Business

BUS450DISCUSSIONUberLyftCutCostsasFewerPeopleTakeRidesAmidCoronavirusPandemic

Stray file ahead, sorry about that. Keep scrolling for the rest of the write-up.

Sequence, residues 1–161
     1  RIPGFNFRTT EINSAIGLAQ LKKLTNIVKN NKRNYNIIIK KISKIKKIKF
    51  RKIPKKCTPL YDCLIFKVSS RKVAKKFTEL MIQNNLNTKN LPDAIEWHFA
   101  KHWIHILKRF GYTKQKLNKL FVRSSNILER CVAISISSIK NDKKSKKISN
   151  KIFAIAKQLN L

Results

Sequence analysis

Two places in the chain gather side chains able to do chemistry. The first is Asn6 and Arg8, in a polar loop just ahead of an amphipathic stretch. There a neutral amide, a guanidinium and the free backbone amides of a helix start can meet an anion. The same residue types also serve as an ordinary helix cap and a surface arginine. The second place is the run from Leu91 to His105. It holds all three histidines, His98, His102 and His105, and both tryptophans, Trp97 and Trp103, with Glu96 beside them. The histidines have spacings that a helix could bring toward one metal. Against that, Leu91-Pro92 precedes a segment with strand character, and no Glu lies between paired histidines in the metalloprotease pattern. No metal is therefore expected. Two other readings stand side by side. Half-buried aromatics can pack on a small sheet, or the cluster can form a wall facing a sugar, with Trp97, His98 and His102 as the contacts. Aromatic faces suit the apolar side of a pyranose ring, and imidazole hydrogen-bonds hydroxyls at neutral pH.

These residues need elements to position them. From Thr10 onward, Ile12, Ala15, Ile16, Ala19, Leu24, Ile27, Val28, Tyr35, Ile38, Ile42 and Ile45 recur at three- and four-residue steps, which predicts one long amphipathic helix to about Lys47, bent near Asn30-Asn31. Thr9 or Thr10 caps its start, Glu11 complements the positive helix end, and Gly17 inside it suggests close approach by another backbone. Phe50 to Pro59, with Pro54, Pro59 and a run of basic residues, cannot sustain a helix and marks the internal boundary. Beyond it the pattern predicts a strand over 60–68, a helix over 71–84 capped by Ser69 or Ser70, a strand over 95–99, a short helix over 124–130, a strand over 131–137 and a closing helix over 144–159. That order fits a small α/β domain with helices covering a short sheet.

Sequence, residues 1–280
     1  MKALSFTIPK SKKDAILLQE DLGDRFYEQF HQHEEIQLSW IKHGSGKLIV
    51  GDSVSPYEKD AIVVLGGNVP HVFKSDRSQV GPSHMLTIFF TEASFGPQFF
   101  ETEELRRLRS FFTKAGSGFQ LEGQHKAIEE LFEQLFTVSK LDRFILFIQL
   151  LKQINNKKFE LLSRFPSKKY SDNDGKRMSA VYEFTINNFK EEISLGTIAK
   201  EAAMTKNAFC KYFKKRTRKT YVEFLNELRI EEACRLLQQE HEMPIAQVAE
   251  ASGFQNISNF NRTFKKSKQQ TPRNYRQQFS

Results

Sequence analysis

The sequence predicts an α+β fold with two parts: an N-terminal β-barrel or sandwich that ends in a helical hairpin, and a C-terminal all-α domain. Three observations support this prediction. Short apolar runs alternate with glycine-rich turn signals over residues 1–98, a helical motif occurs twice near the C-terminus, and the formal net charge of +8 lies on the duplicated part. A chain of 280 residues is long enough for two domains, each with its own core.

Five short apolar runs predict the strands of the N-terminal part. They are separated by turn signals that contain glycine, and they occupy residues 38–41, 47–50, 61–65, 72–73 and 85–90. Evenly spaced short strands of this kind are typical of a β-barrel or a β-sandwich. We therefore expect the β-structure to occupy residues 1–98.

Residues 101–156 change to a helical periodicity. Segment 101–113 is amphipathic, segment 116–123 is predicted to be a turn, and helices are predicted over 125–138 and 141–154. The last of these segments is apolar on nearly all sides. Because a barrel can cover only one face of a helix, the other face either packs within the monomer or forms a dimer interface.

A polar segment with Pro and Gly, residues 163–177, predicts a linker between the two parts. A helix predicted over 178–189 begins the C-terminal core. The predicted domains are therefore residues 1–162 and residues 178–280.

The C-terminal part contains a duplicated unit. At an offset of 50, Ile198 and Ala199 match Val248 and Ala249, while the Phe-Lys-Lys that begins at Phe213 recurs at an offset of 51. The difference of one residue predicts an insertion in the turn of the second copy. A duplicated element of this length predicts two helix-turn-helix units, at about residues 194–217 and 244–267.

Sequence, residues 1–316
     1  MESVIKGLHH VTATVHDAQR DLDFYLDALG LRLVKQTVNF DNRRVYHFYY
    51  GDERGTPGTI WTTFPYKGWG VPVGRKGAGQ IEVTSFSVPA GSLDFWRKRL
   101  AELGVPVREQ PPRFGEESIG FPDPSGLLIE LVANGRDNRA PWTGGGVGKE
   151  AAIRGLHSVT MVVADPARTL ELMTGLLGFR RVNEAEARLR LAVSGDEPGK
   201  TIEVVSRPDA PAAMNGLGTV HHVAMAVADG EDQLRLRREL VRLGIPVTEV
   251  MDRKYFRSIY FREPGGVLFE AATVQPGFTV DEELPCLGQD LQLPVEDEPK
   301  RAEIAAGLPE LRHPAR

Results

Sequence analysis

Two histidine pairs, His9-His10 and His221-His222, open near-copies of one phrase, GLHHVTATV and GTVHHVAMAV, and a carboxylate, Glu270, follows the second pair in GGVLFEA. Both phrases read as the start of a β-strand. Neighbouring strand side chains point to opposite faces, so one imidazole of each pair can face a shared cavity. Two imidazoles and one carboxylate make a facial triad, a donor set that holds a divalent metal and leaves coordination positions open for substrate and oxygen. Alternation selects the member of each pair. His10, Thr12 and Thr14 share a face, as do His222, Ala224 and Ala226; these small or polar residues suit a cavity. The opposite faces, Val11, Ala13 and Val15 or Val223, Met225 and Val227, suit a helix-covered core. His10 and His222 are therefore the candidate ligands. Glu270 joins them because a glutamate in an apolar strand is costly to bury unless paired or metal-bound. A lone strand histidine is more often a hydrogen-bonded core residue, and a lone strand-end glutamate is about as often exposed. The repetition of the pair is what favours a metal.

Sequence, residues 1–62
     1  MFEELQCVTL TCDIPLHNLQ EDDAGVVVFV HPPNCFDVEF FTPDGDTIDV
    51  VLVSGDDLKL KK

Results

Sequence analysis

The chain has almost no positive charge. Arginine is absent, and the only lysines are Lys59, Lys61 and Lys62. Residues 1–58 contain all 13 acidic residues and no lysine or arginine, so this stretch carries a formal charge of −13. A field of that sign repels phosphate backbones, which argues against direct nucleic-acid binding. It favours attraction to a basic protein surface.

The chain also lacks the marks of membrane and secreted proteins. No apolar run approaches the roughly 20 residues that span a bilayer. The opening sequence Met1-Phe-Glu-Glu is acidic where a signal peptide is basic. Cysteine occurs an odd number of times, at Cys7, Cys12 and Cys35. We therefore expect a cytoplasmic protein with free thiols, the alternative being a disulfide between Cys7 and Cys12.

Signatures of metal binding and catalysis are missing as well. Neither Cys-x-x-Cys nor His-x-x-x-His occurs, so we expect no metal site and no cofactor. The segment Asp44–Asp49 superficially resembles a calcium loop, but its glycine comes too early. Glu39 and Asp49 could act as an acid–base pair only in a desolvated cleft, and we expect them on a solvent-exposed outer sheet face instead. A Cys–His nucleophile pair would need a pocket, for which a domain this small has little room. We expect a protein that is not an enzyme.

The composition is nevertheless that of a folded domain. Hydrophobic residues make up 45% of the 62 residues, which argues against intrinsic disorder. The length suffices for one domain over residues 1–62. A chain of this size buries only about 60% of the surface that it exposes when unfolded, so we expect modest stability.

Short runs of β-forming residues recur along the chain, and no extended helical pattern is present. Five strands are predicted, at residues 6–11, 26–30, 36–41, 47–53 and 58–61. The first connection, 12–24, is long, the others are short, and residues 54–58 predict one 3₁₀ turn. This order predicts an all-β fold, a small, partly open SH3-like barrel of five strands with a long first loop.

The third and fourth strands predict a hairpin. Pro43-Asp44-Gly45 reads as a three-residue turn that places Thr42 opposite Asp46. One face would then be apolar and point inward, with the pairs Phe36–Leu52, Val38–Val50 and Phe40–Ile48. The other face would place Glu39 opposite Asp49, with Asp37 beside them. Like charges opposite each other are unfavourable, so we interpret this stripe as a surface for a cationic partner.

Uber Lyft Cut Costs as Fewer People Take Rides Amid Coronavirus PandemicUber said Wednesday it is cutting 14% of its workforce as pandemic upends sharing economyBy Tim Higgins and Parmy Olson, The Wall Street JournalUpdated May 6, 2020 8:20 pm ETUber TechnologiesInc.and smaller rivalLyftInc.are bracing for a new reality in ride-hailing: fewer passengers for the foreseeable future.Uber said Wednesday it is cutting about 14% of its workforce and smaller rival Lyft, which cut about 17% of its staff last week, is responding to thecoronavirus pandemicwith aggressive cost cutting to ride out the exceptional challenge to their businesses.Lyft reported first-quarter earnings Wednesday that seemed resilient to the worst of the pandemic, but they only incorporated a couple of weeks of the impact, through the end of March. In April, as global travel ground to a halt and local governments ordered people to shelter in place, ridership plunged 75%, the company said.“Even as shelter-in-place orders and travel restrictions are modified or lifted, we anticipate that continued social distancing, altered consumer behavior and expected corporate cost cutting will be significant headwinds for Lyft,” Chief Executive Logan Green said during a conference call with analysts. “Rider demand on our platform will be down for the foreseeable future.”Almost one in five Uber rides last year was booked in the metro areas of Chicago, London, Los Angeles, New York City and San Francisco. Photo: David Paul Morris / Bloomberg NewsThe pandemic has challenged the very business model that supercharged Uber and Lyft. They grew into some of the world’s most valuable startups shuttling people to and from restaurants, offices and airports by connecting customers with drivers. The San Francisco-based ride-sharing companies are now facing existential questions about what life will look like after the pandemic and whether people will still want such services and can afford them.Lyft posted its first sequential drop in quarterly ridership since becoming a public company last year. The business threat comes as both companies, before the pandemic, had been trying to improve their profitability to appease investors that had grown increasingly worried about the hefty losses they were incurring in their rush to grow.Wednesday, Uber said it was cutting about 3,700 workers and that Chief Executive Dara Khosrowshahi agreed to waive his base salary for the rest of the year. Last week, Lyft said it wascutting more than 900 jobsand putting some employees on unpaid furloughs as well as trimming salaries.Mr. Khosrowshahi, in a memo to employees, hinted at more cuts to come, telling workers that the job reductions were part of a broader exercise to adjust the company’s cost structure and that he expected a further and final update on that effort within the next two weeks.“We are looking at many scenarios and at each and every cost, both variable and fixed, across the company,” he said in the memo. “We want to be smart, to move fast, to retain as many of our great people as we can, and treat everyone with dignity, support and respect.”The CEO acknowledged the pain of the action in his memo: “Days like this are brutal.” Uber reports its earnings Thursday.Lyft posted a loss of $398.1 million on sales of $955.7 million. The better-than-expected sales figure helped to lift beaten-down Lyft shares in after-hours trading. The stock, down 39% in 2020 before the results, rose 19% to $31.10 in late trading Wednesday.Lyft ridership grew 3% in the three months through March 31 from the year-ago period, but the number of active riders declined to 21.2 million in the first quarter from 22.9 million in the October through December period.The company has suspended its full-year guidance because of uncertainty about the business effects from the pandemic and shelved a commitment to post its first profitable quarter on an adjusted basis by the end of next year.“We are responding to the pandemic with an aggressive cost-reduction plan that will give us an even leaner expense structure and allow us to emerge stronger,” Mr. Green said.Even with the uncertainty over future ridership, Mr. Green said that consumers, in the wake of the pandemic, may choose to avoid public transportation in favor of the products it offers: ride-, bike- and scooter-sharing.The company said cost savings, including the layoffs and overhead-expense reductions, will reduce annualized expenses by about $300 million by the fourth quarter of this year compared with previous projections. The company also said it slashed capital-expenditure plans for the year to $150 million from $400 million.Lyft ended the quarter with $2.7 billion of cash and other funds it can quickly tap.Uber’s share price, off 6.5% in 2020, has held up better than Lyft’s, in part because of its food-delivery operations. Online ordering from grocery stores and restaurants has surged since the U.S. declared a national emergency in March.Analysts will be looking closely at Uber’s results to better understand what an increase of its Eats food-delivery business means to the bottom line. Pressure on fees from restaurants and local governments could offset any increase in demand because of Covid-19, Wedbush Securities analyst Daniel Ives said.Before the pandemic, Uber was spending heavily to grow Eats as it faced heavy competition from DoorDash Inc. and Postmates Inc. In the fourth quarter, Uber said Eats’ adjusted loss from operations widened by 66% to $461 million from the year-earlier quarter.Lyft said Wednesday that it has no plans to enter the food-delivery business.Uber and Lyft have faced pressure from regulators and lawmakers over how their drivers are classified, and on TuesdayCalifornia sued the companies,citing the state’s gig-economy law that became effective Jan. 1. The state said the ride-hailers’ decision to classify drivers as contractors rather than employees has deprived them of rights such as paid sick leave and unemployment insurance—two issues made more visible during the pandemic.Lyft Chief Financial Officer Brian Roberts says cost-cutting measures the ride-hailing company is implementing could ease the path to profitability. Mr. Roberts says measures taken now mean Lyft can be profitable at a ride volume 15% to 20% below what it initially thought. “The actual timing,” he said, “will depend on the speed of the recovery. It could be earlier or later.”https://www.wsj.com/articles/uber-lyft-results-will-show-how-bad-coronavirus-is-for-sharing-economy-11588766412?mod=searchresults&page=1&pos=15